Dispatches, New Mutualism

Americans are overworked but aren't taking time off. What gives?

The American economy is experiencing a sea change -- and if you’re still working in the old economy, you know more than anyone that something’s gotta give.

Let me give you an example:

Americans aren’t taking vacations: One-quarter of U.S. employees have no paid vacation time, and of those that do, only 57% of them are using all that’s given to them.

At the same time, 70% are unengaged at work and 60% feel that they should have chosen a different career.

Did you get that? The traditional workforce is unengaged and unhappy with the work they have, but aren’t even allowing themselves to take the time off that they’re given.

This is a very different story from the one we’re hearing from freelancers -- who don’t have any paid vacation time -- of whom two-thirds are planning on taking a vacation this summer, and 88% wouldn’t trade their freelance lifestyle for a traditional 9-5.

In other words, the new workforce knows that overworking is bad for your health, that it makes us less productive, and that it’s time to pioneer a new way of working and living.

It’s funny that of the “100 best companies to work for in America,” there’s no place for “your own.” Particularly when the independent workforce is the one creating the new metric by which success will be measured: meaningful independence.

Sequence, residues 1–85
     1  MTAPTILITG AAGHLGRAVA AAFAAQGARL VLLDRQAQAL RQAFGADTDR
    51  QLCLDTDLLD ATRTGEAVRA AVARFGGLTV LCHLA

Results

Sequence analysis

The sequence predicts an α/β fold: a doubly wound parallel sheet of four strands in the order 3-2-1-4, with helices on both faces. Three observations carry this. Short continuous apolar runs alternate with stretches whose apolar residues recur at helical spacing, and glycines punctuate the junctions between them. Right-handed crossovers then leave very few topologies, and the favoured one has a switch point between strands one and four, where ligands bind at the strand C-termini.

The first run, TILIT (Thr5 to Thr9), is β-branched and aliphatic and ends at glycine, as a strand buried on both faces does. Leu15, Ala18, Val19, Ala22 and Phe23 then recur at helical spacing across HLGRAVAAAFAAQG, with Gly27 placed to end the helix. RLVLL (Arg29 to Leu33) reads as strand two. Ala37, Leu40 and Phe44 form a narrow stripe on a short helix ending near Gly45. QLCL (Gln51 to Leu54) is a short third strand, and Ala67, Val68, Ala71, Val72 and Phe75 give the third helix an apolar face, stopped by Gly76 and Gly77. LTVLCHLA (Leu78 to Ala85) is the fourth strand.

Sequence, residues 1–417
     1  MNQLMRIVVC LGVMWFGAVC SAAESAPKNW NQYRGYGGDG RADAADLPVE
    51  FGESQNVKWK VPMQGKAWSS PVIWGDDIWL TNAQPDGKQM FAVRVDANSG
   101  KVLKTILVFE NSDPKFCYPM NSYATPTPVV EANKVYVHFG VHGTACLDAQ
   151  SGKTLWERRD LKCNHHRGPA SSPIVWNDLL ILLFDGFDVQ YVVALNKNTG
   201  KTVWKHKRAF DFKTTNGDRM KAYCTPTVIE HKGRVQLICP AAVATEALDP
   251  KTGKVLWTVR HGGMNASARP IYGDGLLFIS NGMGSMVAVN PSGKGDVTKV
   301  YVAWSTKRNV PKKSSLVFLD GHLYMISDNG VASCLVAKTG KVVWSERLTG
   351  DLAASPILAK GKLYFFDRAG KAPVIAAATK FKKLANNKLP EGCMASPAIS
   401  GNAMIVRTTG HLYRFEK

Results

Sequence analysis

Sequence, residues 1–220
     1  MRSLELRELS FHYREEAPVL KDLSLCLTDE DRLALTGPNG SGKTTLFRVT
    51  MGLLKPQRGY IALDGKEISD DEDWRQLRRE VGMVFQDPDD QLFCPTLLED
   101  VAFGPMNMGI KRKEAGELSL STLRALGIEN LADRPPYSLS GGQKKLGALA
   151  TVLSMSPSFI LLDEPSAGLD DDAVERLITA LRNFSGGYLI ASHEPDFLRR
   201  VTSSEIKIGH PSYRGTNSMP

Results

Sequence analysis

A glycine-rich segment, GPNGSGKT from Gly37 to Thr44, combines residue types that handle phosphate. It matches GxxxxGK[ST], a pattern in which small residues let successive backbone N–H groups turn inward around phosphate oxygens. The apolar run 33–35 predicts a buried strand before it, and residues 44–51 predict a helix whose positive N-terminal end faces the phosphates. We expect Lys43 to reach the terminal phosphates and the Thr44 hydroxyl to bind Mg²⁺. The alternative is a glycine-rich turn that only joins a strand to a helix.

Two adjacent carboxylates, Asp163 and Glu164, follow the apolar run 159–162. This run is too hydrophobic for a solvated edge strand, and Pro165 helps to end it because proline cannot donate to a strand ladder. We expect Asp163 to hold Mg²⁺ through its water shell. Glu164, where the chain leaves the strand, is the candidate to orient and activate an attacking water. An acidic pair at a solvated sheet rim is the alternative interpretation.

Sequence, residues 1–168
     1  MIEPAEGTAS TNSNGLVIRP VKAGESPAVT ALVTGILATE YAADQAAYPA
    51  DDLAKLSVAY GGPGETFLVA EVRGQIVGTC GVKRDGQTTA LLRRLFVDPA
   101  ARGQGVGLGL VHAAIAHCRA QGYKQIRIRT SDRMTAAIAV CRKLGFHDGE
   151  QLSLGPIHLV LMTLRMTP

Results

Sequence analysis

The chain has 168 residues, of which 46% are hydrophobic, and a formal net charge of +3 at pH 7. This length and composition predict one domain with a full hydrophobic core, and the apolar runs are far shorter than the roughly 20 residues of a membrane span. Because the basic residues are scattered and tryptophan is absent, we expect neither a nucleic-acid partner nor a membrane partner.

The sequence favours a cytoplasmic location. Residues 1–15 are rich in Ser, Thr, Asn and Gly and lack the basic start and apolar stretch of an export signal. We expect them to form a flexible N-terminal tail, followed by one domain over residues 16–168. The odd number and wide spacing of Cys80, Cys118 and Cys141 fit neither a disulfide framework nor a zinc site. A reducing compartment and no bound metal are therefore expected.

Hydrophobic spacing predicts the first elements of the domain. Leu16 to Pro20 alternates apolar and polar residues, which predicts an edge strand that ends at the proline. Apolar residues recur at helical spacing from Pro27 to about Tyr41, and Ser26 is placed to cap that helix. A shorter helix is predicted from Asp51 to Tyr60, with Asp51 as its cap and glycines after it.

This isn’t some new hippy ideal. It’s being played out in real time.

You can see it in the growing number of freelance workers, in the two-fifths of Americans who have voluntarily taken steps to reduce the number of hours they work (and the 86% of those who are happy with the change), or the 78% of Americans who think of “personal freedom” as the new American dream.

This is the defining characteristic of the freelance workforce. They’re not taking the economy over by brute force -- they’re starting a Quiet Revolution.

They’re building their own economic infrastructure to support their way of living. They’re providing stability and security for each other so that there’s space to take risks and take their side gigs and creative pursuits to the next level.

Freelancers want to build lives that work for them -- lives that allow them to take a break, spend time with their friends or families, or lay on the beach if they need.

This isn’t about more time for sunshine -- it’s about not feeling guilty when we need to take time out for ourselves.

Freelancers, are you giving yourself any time off this summer?